There was an interesting new post on the subject of ranked voting published at TheStreet. Take a look at this excerpt:
For Cuban, who believes that the two-party system is not fair and does not represent a large part of the electorate, the ranked-choice system is the lesser evil. He just encouraged the people of Nevada to vote in favor of this proposal.
“Facts. If you live in Nevada, vote Yes to Question 3. Pass it on …” the billionaire posted on Twitter on Nov. 5. He then defended the system using a food metaphor when a user pointed out to him that the ranked-choice voting was “unnecessary and confusing.”
The original tweet can be seen here:
Facts. If you live in Nevada vote Yes to Question 3. Pass it on … https://t.co/qX3jHUYoiQ
— Mark Cuban (@mcuban) November 5, 2022
Read the full article here. Maine became the first state to use the ranked voting system statewide starting only in 2018. Since then, a flurry of states and localities have been considering a switch to the unique system. A change to ranked voting and away from the universally used plurality voting system is beginning to be seen by many in both parties as a potential gamechanger.
Other states and localities that have recently seen legislation proposed to make the switch to ranked voting include Connecticut, Vermont, New Hampshire, Massachusetts, New Jersey, New York City, Baltimore, and at least two cities in Utah. Click those links for the latest related Democracy Chronicles coverage!
So what is ranked voting? According to Democracy Chronicles’ friends at the nonpartisan nonprofit FairVote, an organization with its headquarters in Takoma Park, Maryland:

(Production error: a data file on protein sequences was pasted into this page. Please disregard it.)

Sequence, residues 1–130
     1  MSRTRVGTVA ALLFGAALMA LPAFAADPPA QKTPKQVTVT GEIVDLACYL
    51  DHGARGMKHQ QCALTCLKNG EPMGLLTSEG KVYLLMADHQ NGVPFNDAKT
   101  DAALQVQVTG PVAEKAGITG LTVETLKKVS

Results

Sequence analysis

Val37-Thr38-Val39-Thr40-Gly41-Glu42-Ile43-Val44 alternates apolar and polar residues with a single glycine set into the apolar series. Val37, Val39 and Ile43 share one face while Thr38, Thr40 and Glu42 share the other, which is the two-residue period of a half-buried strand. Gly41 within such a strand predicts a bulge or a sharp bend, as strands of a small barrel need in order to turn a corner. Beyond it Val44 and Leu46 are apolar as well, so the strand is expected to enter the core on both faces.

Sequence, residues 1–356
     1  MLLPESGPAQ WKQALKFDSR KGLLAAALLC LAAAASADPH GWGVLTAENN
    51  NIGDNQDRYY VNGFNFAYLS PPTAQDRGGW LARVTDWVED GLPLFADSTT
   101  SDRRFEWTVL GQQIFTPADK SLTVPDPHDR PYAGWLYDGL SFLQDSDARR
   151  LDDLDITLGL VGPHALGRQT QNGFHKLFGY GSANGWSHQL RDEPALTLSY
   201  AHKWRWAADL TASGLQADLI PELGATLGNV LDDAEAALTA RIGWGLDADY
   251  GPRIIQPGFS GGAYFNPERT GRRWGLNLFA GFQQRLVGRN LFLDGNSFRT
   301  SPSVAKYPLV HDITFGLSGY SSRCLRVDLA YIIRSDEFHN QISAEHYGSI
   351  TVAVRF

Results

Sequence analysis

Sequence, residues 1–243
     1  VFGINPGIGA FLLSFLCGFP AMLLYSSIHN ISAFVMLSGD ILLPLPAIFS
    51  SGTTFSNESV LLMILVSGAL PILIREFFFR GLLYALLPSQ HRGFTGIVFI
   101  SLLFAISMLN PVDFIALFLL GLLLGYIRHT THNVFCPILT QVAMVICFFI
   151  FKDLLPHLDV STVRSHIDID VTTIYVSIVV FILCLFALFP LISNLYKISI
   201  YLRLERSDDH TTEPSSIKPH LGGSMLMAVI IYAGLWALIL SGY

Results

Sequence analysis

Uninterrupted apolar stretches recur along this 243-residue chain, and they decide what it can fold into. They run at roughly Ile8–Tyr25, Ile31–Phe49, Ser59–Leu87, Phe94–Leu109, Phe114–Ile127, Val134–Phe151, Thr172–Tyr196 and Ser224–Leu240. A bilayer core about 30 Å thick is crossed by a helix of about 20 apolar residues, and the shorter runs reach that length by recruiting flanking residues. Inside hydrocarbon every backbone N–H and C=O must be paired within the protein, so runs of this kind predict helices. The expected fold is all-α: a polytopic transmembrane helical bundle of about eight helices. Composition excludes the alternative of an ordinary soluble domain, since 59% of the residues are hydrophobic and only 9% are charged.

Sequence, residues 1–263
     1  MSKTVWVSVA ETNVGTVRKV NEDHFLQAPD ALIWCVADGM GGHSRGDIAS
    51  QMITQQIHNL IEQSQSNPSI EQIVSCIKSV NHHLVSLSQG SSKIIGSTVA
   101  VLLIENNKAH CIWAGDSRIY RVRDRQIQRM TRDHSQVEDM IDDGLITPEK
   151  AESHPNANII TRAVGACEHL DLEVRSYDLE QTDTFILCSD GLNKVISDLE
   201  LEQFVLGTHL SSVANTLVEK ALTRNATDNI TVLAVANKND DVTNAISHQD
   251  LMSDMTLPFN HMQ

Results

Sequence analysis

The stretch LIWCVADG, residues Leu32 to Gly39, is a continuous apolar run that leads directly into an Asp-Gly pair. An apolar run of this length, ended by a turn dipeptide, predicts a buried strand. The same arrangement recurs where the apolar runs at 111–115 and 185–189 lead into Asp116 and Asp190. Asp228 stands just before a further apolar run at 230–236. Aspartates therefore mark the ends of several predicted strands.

Ranked choice voting (RCV) makes democracy more fair and functional. It works in a variety of contexts. It is a simple change that can have a big impact. With ranked choice voting, voters can rank as many candidates as they want in order of choice. Candidates do best when they attract a strong core of first-choice support while also reaching out for second and even third choices.
When used as an “instant runoff” to elect a single candidate like a mayor or a governor, RCV helps elect a candidate that better reflects the support of a majority of voters. When used as a form of fair representation voting to elect more than one candidate like a city council, state legislature or even Congress, RCV helps to more fairly represent the full spectrum of voters.
For more information on election methods, Democracy Chronicles conducted an exclusive interview series with an international group of election method proponents including prominent signers of the Declaration of Election-Method Reform Advocates. The best place to start off is the Democracy Chronicles introduction and then take a look at each of these interviews:
- Richard Fobes – Election Method Reformer Speaks With DC
- Aaron Hamlin – Interview With President of Center for Election Science
- Andrew Jennings – Redistricting, Vote Splitting and Honest Voting
- augustin – Writer Discusses Election Reform and New Website
- Michael Allen – Election Method Reformer Seeks Radical Changes
- Jameson Quinn – Election Expert Discusses Reform in US and Guatemala
- Michael Ossipoff – Democracy Chronicles Author Discusses Approval Voting
- Robert Bristow-Johnson – Expert Demands Reducing Money in Elections
Also see related Democracy Chronicles articles like those on Voting Methods, Direct Democracy, and definitely check out our main Voting Methods section.
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